Expanding use cases through AI and accessories gets punters interested
The recent surge in demand for intelligent home devices has positioned consumer-grade robots as physical task-doers that perform single tasks. This perception however understates their potential as adaptive and personable machines, according to new research.
A recent report from the User Experience Strategies (UXS) service at Strategy Analytics investigating the needs, behaviours and expectations of consumers regarding robotics, has found that future robots will deliver far greater value to their users through capabilities to perform unpredictable physical tasks, their ability to learn and their potential to execute tasks beyond the home.
According to the report, robots save time and provide value to consumers by working autonomously to complete mundane tasks (such as vacuuming or mowing the lawn). While currently restricted to in-home use cases, robots are ideally suited to perform tasks outside because they can move and interact with the world independently.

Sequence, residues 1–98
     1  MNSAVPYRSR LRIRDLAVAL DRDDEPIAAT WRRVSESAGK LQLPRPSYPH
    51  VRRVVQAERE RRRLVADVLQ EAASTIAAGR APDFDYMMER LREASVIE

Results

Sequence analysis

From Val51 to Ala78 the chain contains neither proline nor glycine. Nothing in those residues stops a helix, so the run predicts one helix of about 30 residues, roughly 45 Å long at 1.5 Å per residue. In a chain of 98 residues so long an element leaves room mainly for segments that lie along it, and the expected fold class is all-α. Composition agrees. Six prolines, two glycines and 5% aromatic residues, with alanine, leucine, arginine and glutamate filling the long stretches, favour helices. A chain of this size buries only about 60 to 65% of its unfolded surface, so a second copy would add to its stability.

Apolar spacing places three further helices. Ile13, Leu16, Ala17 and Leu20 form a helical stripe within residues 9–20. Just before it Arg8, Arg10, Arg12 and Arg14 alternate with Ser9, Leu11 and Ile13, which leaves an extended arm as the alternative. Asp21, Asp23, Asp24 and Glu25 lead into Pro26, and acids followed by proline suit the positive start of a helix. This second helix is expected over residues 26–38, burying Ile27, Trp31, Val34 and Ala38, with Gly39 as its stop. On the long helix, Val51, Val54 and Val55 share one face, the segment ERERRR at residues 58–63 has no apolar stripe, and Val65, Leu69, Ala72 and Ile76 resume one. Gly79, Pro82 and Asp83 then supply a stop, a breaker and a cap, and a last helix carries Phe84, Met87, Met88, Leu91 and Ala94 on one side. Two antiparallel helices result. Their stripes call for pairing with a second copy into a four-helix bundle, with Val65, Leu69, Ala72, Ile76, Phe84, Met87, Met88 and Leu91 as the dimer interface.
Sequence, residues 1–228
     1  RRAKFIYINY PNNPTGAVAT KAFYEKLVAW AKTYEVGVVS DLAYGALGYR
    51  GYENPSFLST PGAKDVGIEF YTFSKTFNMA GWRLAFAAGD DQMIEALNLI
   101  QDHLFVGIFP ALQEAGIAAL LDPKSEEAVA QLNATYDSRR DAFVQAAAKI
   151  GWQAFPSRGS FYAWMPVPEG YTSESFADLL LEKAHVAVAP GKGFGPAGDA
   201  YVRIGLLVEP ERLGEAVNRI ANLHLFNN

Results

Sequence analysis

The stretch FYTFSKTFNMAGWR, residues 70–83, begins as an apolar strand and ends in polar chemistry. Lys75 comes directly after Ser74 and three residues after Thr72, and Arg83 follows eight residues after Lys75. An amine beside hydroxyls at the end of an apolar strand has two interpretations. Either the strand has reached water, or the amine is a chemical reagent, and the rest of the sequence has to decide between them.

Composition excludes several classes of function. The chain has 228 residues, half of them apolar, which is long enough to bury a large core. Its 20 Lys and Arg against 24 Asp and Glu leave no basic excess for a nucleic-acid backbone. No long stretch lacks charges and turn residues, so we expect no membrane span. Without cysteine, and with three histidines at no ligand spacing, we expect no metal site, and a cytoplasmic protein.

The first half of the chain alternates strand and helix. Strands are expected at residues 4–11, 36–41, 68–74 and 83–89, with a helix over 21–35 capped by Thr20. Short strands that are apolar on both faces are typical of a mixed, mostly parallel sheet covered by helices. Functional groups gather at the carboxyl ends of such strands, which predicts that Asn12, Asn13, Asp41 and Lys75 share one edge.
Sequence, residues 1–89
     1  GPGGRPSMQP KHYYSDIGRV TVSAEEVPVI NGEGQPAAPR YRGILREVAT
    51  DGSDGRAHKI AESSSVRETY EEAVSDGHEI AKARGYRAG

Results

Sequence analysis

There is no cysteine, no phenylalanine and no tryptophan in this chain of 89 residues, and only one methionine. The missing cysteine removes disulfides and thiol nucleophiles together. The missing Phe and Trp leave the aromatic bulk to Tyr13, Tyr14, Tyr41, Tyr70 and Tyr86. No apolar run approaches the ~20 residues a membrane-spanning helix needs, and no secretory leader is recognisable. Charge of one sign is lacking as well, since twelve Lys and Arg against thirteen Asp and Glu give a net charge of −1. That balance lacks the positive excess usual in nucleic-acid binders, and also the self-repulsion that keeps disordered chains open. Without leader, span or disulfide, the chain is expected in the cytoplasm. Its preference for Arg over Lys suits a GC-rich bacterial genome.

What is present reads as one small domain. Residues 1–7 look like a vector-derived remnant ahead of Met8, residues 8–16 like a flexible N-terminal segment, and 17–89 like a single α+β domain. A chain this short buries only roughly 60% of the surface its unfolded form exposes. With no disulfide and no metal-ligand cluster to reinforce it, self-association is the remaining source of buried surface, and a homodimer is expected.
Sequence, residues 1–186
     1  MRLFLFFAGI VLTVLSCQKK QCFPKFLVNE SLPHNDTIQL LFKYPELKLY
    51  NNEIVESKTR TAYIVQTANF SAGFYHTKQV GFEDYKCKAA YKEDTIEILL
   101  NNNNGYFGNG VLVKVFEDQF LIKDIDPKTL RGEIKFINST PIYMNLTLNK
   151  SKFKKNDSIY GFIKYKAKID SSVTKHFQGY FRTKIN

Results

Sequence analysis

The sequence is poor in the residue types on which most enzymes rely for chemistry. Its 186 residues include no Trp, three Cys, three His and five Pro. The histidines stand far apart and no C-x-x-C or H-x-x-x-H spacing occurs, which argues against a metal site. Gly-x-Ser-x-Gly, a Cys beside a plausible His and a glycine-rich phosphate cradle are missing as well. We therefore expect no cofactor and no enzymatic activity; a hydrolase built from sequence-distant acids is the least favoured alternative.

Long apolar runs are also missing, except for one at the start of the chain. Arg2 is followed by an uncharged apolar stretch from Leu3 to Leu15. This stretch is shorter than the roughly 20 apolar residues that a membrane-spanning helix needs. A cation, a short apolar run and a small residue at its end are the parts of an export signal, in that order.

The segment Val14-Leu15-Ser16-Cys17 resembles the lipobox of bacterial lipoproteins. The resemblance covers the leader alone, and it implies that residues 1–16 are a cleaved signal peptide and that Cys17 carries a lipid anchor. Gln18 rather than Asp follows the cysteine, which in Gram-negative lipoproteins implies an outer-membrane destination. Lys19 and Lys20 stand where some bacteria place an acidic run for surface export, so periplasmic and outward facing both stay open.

Also, modular components would allow a robot to modify with a user’s changing requirements, allowing it to do more tasks over its lifetime, said the report.
Mathew Alton, analyst and report author, commented: “Robots are in-home machines due to their expense and inability to traverse exterior environments reliably or safely. However, their potential is far greater than their current in-home restriction to complete simple tasks.” Continued Alton: “An ecosystem of accessories that users can equip their robots with provides extensibility; it allows a base robot to be ‘evolved’ over time in line with the user’s changing demands. Ultimately this makes the robot more of a long term investment and can help justify a relatively higher price.”
Added Chris Schreiner, director of syndicated research, UXIP: “Robots that serve multiple purposes are a far more attractive proposition to consumers. But the transition to exterior use cases will require a strong cellular network to facilitate a robot’s ability to traverse the environment safety. The outside world is unpredictable and will require robots to adapt quickly to changing variables. This will only be achieved through developments in artificial intelligence.”